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Gloucester Comic-Con has moved to a new venue

Posted on 19th July 2017

The venue for Gloucester Comic-Con has changed with the event now moving to the Kingsholm Stadium.

Kingsholm Stadium

The event, which is to take place on September 9 and 10, needed to be relocated as it had outgrown its city centre venue.

Moving proceedings from its old venue of the GL1 Leisure Centre to the Kingsholm Stadium will allow the organisers to now show movie cars and other large outdoor exhibits.

Fans have been reassured that the tickets purchased for the old venue will still be valid at Gloucester Comic-Con’s new location.

While the venue may have changed, the date and guests will remain the same, with the event ready to entertain all those in attendance and visiting while on holiday at a Forest of Dean cottage.

Guests at this year’s event include The Honky Tonk Man, professional wrestler Wayne Farris, stand-up comedian Norman Lovett (known for playing Holly in Red Dwarf) and actor James Mackenzie from the children’s series Raven.

Tickets are available from Skiddle.

Image Credit: Nicholas Mytton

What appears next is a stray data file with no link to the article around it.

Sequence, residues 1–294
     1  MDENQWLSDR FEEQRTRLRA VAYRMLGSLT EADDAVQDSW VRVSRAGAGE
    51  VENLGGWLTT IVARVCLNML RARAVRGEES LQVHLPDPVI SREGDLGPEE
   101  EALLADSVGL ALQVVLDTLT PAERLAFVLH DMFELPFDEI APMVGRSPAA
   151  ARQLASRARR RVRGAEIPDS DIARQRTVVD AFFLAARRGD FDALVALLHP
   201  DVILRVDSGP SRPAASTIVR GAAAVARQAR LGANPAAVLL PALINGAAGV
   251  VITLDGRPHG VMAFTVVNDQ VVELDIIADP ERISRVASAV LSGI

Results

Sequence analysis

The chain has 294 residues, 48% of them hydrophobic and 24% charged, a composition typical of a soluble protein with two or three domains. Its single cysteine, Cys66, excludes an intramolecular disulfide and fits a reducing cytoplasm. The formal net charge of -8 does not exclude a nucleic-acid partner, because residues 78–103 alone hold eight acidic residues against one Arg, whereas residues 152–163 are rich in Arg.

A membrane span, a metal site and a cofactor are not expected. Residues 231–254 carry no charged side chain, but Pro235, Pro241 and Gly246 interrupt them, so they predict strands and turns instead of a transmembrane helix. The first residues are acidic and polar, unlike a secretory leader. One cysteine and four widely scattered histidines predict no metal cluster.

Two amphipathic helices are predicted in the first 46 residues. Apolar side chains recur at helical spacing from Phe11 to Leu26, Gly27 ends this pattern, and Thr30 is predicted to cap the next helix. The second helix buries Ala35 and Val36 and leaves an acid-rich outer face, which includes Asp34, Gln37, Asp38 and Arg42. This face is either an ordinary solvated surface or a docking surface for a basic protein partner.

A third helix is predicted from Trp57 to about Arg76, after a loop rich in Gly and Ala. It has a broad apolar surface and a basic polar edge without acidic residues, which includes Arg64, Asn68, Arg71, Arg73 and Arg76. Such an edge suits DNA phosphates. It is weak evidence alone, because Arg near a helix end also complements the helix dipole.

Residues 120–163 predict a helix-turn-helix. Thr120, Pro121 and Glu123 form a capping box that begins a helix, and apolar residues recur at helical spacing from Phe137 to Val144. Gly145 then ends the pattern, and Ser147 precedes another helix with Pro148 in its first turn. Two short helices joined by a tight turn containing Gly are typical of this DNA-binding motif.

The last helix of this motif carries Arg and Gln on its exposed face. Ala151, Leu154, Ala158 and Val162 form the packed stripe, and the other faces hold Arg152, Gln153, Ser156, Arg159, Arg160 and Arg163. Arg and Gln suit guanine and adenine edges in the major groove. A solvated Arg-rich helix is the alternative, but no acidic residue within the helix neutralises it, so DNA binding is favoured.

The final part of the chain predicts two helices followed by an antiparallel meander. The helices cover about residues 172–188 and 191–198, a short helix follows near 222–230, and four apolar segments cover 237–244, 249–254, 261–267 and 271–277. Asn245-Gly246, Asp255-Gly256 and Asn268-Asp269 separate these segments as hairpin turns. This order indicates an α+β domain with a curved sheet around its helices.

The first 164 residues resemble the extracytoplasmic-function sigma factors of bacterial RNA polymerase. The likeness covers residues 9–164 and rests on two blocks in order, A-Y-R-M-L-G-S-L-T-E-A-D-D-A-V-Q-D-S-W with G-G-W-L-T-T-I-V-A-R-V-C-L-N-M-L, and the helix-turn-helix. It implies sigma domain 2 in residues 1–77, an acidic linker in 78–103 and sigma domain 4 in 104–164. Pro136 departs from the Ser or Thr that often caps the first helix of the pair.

Smallholding opens accessible activities

Posted on 16th June 2017

When travelling with multiple generations or large groups of people, it can be hard to accommodate everybody’s needs. However now holidays to Forest of Dean cottages do not have to involve a compromise. Weekly ‘open farm’ days and gentle walks with level paths ensure everybody can be involved regardless of mobility issues.

Lamb scratching ear

The Orchard Trust Smallholding in Lydbrook is doing much to connect those with limited mobility to livestock and an outdoor environment in a gentle and safe manner. While someone with mobility issues may enjoy the leisurely pathways, children will delight in the livestock. Extra wide and level paths offer space for two wheelchairs and buggies to pass. For those who do not use wheelchairs yet are not fully comfortable walking unattended, they can be supported on both sides.